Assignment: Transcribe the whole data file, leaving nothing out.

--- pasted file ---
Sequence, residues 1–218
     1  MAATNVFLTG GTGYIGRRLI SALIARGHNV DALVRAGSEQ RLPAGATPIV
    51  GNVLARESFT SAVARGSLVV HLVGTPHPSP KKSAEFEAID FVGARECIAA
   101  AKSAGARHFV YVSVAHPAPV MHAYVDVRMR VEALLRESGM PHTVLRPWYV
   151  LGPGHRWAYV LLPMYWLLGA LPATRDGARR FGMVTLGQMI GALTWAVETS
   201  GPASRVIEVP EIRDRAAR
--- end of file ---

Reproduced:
Sequence, residues 1–218
     1  MAATNVFLTG GTGYIGRRLI SALIARGHNV DALVRAGSEQ RLPAGATPIV
    51  GNVLARESFT SAVARGSLVV HLVGTPHPSP KKSAEFEAID FVGARECIAA
   101  AKSAGARHFV YVSVAHPAPV MHAYVDVRMR VEALLRESGM PHTVLRPWYV
   151  LGPGHRWAYV LLPMYWLLGA LPATRDGARR FGMVTLGQMI GALTWAVETS
   201  GPASRVIEVP EIRDRAAR